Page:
FDA: Veterinarians with the FDA are responsible for assisting in the approval of new drugs for animal use. This includes oversight of drugs approved for use in food animals, which has more stringent requirements than drugs used in companion animals. Veterinarians with the Office of Safety and Compliance ensure that drugs approved are safe and effective on the broader population. The FDA also does work on the issue of antibiotic resistance. 

Disaster Response: When disaster strikes, veterinarians are value for a number of tasks. When people are evacuated and displaced, shelters must be provided that can accomodate the animals that live with displaced people. These pets often require medical care, and may need to be housed in temporary pop-up shelters. Additionally, anywhere people need rescued, animals may too, whether that is from flooding, building collapse, wild fire, or a sink hole. Veterinarians can receive training for technical rescue, and can provide invaluable assistance to rescue teams, having access to sedative drugs and having the knowledge to triage and provide emergency care to injured animals. 

Shelter Medicine: The Shelter Medicine speciality is an emerging and developing field of veterinary medicine, with the Association of Shelter Veterinarians founded in 2001. Shelter veterinarians oversee the health and welfare of pets in shelter environments. In addition to that, there is a growing movement to supply a public service in the form of accessible veterinary care to disadvantaged members of communities. American Pets Alive! and Human Animal Support Services are two great resources for learning more about these initiatives. Veterinarians that work in the shelter environment are often cross-trained for another aspect of veterinary medicine with a strong One Health application... foresenic veterinary medicine. 

Forensic Veterinary Medicine:  Animal cruelty comes in two forms: neglect, which causes harm without intent to harm, and abuse, in which harm is knowingly and intentionally inflected. Neglect is often seen by veterinarians. Veterinarians in any practice setting can provide education to help prevent neglect and treat the illnesses that arise from it. However, veterinarians are also increasingly being educated on how to recognize and document signs of animal abuse. There is still a long way to come on that front. However, it is important from a One Health perspective, as the link between domestic violence, other forms of crime, and animal abuse has been well established. Forsenic veterinarians document lesions and injuries that may be consistent with abuse for the sake of legal documents that can be utilized in court. Additionally, these veterinarians may provide expert witness in the court of law, describing how lesions may (or may not be) consistent with evidence of abuse.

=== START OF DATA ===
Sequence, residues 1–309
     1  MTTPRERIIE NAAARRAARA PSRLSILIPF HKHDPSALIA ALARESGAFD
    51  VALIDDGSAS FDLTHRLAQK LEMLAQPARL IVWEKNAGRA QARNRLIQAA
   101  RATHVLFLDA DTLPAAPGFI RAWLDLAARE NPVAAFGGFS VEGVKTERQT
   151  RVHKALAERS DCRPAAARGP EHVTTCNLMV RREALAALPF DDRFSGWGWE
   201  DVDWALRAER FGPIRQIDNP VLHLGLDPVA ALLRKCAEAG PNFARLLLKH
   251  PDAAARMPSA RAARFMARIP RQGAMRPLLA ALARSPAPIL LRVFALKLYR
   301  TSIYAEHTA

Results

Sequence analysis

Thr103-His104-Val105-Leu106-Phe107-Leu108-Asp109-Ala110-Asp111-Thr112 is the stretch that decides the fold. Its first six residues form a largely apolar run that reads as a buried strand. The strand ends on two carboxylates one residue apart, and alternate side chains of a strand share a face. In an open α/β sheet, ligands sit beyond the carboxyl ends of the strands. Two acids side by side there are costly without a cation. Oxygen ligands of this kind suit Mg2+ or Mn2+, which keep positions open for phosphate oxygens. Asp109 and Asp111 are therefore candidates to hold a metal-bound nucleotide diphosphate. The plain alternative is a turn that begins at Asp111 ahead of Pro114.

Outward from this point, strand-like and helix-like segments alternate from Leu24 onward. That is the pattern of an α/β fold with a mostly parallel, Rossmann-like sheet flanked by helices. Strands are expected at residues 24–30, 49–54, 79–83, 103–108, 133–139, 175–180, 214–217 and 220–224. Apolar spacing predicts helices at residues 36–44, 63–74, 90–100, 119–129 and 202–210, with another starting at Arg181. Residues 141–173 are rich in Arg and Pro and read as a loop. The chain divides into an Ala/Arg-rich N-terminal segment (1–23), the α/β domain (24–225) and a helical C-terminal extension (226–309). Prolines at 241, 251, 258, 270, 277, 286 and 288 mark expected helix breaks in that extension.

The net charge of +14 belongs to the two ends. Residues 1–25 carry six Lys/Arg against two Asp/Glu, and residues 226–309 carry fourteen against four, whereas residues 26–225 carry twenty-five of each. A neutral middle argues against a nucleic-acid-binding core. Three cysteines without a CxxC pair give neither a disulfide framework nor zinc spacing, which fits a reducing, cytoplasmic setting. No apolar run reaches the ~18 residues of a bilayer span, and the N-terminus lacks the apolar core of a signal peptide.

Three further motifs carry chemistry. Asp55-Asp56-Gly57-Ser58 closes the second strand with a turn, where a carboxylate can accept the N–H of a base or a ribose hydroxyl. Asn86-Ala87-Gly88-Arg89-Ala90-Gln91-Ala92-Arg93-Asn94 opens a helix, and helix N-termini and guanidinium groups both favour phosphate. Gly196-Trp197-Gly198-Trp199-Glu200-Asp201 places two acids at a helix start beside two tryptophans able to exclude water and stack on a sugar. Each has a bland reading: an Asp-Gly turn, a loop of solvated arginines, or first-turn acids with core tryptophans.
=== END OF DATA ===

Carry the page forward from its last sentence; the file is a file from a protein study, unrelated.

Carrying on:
How to Get Involved

Many veterinary schools have public health or One Health clubs. If not, start one! Reach out to other campuses at your University (School of Pharmacy, School of Medicine, School of Epidemiology, School of Public Health, Department for Emerging Diseases, School of Agriculture, etc and see if they are interested in collaborative speaker events. Reach out to faculty and administration at your college that have a background or research interest in public health). Additionally, a growing number of veterinary schools offer dual-degree programs for obtaining a DVM-MPH. 

Every two years, the CDC hosts a veterinary student day in Atlanta, Georgia. This is a good opportunity to network with other veterinary students, hear from public health veterinarians on their career path and day to day, and meet representatives from different organizations. 

To stay up to date on One Health developments and specific opportunities for involvement, I recommend the following:

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Additional Resources:

Recommended Reading:
Zoobiquity: The Astonishing Connection Between Human and Animal Health by  Barbara Natterson-Horowitz, Kathryn Bowers

Spillover: Animal Infections and the Next Human Pandemic by David Quammen